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    View | Opposition pick Margaret Alva for Vice-President but fail to send out any electoral message

    View | Opposition pick Margaret Alva for Vice-President but fail to send out any electoral message

    View | Opposition pick Margaret Alva for Vice-President but fail to send out any electoral message
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    By Vikas Pathak   IST (Updated)

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    If the BJP sees key posts, like that of President, Vice-President or nominated members of the Rajya Sabha, as opportunities to reach out to various electoral constituencies, the Opposition seems to be seeing them in a conventional manner: any person with a past administrative record should be chosen for these largely 'ceremonial' posts.

    The opposition's choice of Margaret Alva as its Vice-Presidential candidate to take on the Bharatiya Janata Party's (BJP) candidate Jagdeep Dhankar is a textbook case of the inability to understand the politics of symbolism perfected by the BJP under Narendra Modi.
    Ironically, the Congress is among the 17 opposition parties supporting Alva, a Congress leader, a year before polls in Rajasthan. Dhankar comes from the influential Jat community in the state.
    If the BJP sees key posts, like that of President, Vice-President or nominated members of the Rajya Sabha, as opportunities to reach out to various electoral constituencies, the Opposition seems to be seeing them in a conventional manner: any person with a past administrative record should be chosen for these largely 'ceremonial' posts.
    The choice of Yashwant Sinha to take on Droupadi Murmu was one such instance. While the BJP made a powerful tribal pitch aimed at tribes in general and tribes of the eastern states in particular, the opposition fielded a former minister of Atal Behari Vajpayee and a former IAS officer who is a Kayastha, an educated general category caste that does not have a high population in any state. The candidate ticked no specific box, and opposition parties soon began to develop second thoughts about supporting him.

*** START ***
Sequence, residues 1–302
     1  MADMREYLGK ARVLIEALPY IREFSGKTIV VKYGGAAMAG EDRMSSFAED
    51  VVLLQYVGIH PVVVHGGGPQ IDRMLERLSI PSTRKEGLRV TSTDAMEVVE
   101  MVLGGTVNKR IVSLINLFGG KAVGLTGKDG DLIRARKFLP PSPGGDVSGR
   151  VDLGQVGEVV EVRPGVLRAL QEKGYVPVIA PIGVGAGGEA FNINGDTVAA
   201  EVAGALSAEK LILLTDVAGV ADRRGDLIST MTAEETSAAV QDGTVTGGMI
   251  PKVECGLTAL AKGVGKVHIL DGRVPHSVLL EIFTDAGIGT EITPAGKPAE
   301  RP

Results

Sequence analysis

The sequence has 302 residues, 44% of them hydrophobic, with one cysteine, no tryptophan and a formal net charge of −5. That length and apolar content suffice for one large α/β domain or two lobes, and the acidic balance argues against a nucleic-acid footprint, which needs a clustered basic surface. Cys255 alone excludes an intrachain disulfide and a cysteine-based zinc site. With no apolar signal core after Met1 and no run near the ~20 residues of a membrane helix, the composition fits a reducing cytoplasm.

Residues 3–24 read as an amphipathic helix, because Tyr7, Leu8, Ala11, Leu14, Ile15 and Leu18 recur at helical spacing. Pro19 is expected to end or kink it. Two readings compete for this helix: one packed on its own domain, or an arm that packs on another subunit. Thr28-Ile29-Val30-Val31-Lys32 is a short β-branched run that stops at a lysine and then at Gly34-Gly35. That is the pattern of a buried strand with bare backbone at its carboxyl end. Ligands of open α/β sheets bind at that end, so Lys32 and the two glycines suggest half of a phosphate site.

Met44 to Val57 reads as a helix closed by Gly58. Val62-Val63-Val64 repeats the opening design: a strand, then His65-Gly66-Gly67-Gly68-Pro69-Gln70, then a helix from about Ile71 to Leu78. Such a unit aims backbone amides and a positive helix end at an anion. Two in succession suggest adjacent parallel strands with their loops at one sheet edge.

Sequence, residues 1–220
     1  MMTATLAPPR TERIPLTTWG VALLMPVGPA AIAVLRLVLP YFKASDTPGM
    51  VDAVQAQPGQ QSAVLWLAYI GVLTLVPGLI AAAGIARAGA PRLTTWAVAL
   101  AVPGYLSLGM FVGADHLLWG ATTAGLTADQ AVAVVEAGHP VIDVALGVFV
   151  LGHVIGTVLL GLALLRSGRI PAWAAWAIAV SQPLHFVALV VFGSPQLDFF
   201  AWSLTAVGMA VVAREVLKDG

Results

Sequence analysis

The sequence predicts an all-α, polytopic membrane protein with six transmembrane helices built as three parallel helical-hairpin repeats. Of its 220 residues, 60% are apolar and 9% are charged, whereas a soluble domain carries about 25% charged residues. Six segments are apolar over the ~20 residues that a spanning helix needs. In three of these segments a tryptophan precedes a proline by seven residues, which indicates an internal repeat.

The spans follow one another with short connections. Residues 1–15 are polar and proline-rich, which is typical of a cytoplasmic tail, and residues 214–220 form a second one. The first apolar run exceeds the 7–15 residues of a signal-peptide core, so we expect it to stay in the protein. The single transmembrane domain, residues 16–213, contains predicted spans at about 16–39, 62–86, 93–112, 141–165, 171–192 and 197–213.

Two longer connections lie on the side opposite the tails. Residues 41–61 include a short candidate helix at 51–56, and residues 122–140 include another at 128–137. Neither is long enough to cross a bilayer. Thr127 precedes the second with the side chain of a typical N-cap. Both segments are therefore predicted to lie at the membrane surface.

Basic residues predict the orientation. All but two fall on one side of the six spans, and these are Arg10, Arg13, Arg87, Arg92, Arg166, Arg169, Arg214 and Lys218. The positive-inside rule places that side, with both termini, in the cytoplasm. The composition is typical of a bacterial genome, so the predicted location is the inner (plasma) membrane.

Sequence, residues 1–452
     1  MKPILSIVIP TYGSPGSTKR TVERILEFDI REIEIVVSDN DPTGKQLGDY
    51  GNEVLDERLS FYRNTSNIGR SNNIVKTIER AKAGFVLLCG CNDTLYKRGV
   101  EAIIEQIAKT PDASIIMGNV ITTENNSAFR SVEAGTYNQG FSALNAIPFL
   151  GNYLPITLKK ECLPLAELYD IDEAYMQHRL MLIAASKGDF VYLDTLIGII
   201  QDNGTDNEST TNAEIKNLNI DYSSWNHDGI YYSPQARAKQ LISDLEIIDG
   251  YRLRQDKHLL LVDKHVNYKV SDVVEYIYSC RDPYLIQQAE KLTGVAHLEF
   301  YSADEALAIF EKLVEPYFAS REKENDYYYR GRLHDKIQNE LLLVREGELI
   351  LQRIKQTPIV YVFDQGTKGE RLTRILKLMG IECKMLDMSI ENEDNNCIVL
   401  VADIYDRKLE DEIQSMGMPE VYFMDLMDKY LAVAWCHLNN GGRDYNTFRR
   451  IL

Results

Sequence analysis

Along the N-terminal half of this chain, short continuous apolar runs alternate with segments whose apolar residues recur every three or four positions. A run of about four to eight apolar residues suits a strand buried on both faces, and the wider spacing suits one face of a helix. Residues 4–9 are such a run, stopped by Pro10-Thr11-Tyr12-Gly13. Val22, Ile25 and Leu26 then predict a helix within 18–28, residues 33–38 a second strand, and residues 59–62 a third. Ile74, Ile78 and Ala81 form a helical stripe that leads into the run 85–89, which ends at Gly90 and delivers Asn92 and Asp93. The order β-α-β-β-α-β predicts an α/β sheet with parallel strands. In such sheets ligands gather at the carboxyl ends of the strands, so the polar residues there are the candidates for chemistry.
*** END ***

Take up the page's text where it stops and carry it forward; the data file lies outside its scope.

In fielding Dhankar, the BJP made a pointed gesture to the Jats of north-western India, who were the prime protestors against the three farm laws that Modi repealed before the Uttar Pradesh polls. Dhankar is a Jat from Rajasthan, a state that goes to the polls in 2023 and has an influential Jat population. Instead of deciding not to field a candidate — or thinking in a nuanced manner while choosing one — the opposition seems to have successfully reversed any gains it may have made among the Hindu Jats of Rajasthan, Haryana and Uttar Pradesh in the last one year or two.
    Margaret Alva, the candidate chosen by them, does not help the opposition in the game of symbolism one bit. She is a former minister and governor, and comes from a Catholic Christian family of Mangalore in Karnataka. So, the opposition seems to be chasing votes that are already with it. It hasn't been able to checkmate the BJP by fielding candidates in a way that can dent the BJP's base.
    In the game of posturing, the BJP will soon be able to claim that it has given an OBC Prime Minister and Vice-President, and a tribal President. With upper castes firmly with it in northern, central and western India, this symbolism makes dents in vote bases that were not with the party a decade back.
    The decision of the opposition to field a candidate against a Jat from Rajasthan just a year before the state goes to the polls is nothing short of political hara-kiri. The Rajputs, Brahmins and Baniyas already vote for the BJP in Rajasthan. If Jats — who are split between the BJP and Congress — shift en bloc towards the BJP, the party will win by a comfortable margin.
    It is ironic that despite clear indications that the BJP is using nominations to key posts as a means of electoral outreach — all four Rajya Sabha nominees announced recently were from South India, and the list includes Ilayaraaja, a renowned music composer who is also a Dalit from Tamil Nadu — opposition parties have been unable to respond with a similar strategy to dent the BJP's expanding vote base across regions and castes.
    With the opposition planning its moves with eyes wide shut, the BJP seems to be getting a walkover each time.
    —The author Vikas Pathak is a columnist and media educator. The views expressed here are personal. 
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